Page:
The Spring 2018 Anime Preview Guide Steins;Gate 0
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Steins;Gate 0 ?
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For all of its myriad faults, the original Steins;Gate remains a perennial favorite of mine, because so few other anime have done such a good job at marrying heady science fiction with such a likable cast of unrepentant dorks. It's a messy show, and it drops the ball hard in some key areas of character development, but there's just too much earnest charm and confident storytelling at work in the show for me not to love it. I went into Steins;Gate 0 with some trepidation; having not played the game it's based on, I had no clue whether this alternate-timeline follow up to the original would work as a complementary piece of the original puzzle or come across as hasty cash grab.
Thankfully, Steins;Gate 0 seems to be the real deal, at least as far as this premiere is concerned. We pick up right where the original series left off at the end of its 23rd episode, except in this version of events our hero Okabe didn't go through with the heroics that brought Steins;Gate prime to its happy ending. Instead, Okabe has gone full on tortured fallen hero, even going so far as to don a jet black ensemble to reflect the depths of his anguish. Were Steins;Gate 0 just a little off in its execution, this would come across as unbelievably corny, but thankfully this episode nails the weight of the trauma that has been bearing down on Okabe's shoulders across his many trips through time, making the more somber tone feel justified. While much of this episode is devoted to recapping the events that led the Future Gadgets Lab to fracture, this is definitely not a place for newcomers to start. Without the experience of the show's first 24 episodes, I reckon that this episode would feel overstuffed with sadness, but longtime viewers will likely appreciate the show diving into the darker doomed world that the original Steins;Gate only ever hinted at.
While this series is under the new directorial stewardship of Kenichi Kawamura, original writer Juuki Hanada and the original voice cast and many crew members at White Fox Studio all return for this adaptation of 5pb.'s visual novel. This means that the premiere is aesthetically in line with the original series, which is to say that it looks and sounds great. The episode does a great job of tweaking the series into something much more unsettling than Steins'Gate's early episodes; dramatic closeups and moody camera work ensure that the audience is never unaware of the deep psychological stress that haunts Okabe at all times. Outside of his solo scenes, the original Future Gadgets Lab members all play off one another without missing a beat, and the few new characters we meet also look to be exciting additions to the cast (though I really hope the series doesn't follow through on all of the loli jokes with Maho Hiyajo).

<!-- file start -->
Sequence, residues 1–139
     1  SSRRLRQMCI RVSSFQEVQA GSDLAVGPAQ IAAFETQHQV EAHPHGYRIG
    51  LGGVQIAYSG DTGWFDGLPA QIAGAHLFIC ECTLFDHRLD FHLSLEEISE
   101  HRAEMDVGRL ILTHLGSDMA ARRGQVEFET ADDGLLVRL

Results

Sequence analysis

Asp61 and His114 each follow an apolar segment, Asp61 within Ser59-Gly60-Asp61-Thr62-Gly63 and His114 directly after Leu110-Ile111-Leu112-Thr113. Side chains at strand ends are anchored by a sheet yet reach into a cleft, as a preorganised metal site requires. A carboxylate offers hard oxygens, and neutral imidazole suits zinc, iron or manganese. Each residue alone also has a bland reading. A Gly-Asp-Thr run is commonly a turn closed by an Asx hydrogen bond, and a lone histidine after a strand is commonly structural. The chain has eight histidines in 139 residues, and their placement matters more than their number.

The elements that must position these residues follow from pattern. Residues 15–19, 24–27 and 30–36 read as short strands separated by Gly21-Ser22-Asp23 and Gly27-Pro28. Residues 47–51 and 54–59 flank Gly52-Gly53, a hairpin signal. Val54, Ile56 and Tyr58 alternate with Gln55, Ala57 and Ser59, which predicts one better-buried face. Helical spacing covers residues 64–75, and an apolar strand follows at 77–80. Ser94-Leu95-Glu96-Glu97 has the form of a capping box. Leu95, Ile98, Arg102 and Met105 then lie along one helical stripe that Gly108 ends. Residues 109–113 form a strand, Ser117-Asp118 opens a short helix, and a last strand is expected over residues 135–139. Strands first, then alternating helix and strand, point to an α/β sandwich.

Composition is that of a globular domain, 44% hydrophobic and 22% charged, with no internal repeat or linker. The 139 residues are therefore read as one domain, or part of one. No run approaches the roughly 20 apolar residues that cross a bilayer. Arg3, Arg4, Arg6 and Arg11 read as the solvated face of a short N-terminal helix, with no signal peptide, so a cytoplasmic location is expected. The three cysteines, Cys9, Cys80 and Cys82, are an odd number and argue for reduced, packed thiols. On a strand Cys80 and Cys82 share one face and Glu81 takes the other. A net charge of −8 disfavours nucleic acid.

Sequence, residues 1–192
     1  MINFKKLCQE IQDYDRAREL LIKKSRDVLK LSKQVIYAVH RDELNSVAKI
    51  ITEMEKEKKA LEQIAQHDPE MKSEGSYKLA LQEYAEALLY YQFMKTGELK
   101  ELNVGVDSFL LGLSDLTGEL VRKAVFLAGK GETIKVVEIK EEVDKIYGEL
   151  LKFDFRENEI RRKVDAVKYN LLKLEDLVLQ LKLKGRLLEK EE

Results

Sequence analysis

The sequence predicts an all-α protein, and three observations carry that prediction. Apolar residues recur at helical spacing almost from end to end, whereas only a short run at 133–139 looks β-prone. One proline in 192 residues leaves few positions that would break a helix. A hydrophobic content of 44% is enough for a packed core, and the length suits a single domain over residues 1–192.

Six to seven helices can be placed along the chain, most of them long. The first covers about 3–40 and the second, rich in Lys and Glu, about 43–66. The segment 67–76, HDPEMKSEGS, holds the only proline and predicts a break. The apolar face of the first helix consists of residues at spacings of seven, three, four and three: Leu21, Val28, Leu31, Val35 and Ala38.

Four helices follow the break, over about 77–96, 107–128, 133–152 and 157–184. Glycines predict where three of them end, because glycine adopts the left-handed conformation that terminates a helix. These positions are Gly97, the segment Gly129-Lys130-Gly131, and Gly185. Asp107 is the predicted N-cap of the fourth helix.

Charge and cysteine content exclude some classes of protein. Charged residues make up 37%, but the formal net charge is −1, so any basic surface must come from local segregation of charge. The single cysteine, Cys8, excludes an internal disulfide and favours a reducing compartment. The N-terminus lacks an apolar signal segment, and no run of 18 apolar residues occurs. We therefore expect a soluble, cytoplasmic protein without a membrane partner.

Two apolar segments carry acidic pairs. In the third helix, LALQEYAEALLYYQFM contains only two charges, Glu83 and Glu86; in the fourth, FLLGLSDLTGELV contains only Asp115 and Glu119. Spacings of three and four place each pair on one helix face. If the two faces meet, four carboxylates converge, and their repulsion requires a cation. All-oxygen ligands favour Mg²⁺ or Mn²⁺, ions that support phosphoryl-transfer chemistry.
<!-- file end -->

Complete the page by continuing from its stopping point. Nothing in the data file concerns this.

Some tweaks to the character designs will take getting used to, and there are a couple instances of off-model characters throughout, but what we've seen of Steins;Gate 0 is so far on par with its predecessor's high standards. It remains to be seen if the show will be able to make a compelling story out of a scenario that fans already know a happier outcome for, but the quality of this premiere has assuaged my fears. Even if poor Okabe has to suffer for it, it's good to have Steins;Gate back.
Seven years out from the original Steins;Gate, I really wasn't expecting a straight-up sequel. But after a charming OVA episode and an interminable feature film, here we are, following Okabe and his friends in the months following the events of the original series. Or at least, one possible version of those events - the specifics of this particular worldline feel somewhat uncertain, and it's clear by the end of this episode that Okabe's great victory from the original series was far less effective than he'd hoped.
It's to this show's great credit that it actually feels like a genuine sequel, from the tone and writing to the visual presentation. Though we've switched directors, 0 still possesses the same stifling color palette and compositionally enforced sense of alienation from the original, and the animation actually feels stronger here than in the original series. In basically all aesthetic respects, it really felt like I was stepping directly back into the Steins;Gate universe.
As for the story, I also greatly enjoyed this episode's melancholy reunion between the old show leads. Okabe spent the entirety of the original Steins;Gate being psychologically beaten down one episode after another, and in this new series, you can absolutely feel how those experiences still weigh on him. Okabe is emotionally exhausted, burnt out on play-acting, and haunted by trauma that flares up whenever he's reminded of that one cruel summer. This episode's idle conversations between very familiar friends did a great job of asserting how badly Okabe had suffered, making his resistance to Suzuha asking for further help feel entirely natural.
All in all, Steins;Gate 0 easily clears its principle hurdle: feeling like a genuine, natural extension of the Steins;Gate world. The show feels somewhat limited by its color palette and a little lethargic in its pacing, but honestly, those were also complaints you could level at the original series. Personally, I felt the original Steins;Gate wrapped up its story very well, and am not necessarily thrilled by this premiere's introduction of an entirely new conflict. But if you're eager to spend more time with the old Gadget Lab crew, Steins;Gate 0 will make you feel like they never left.
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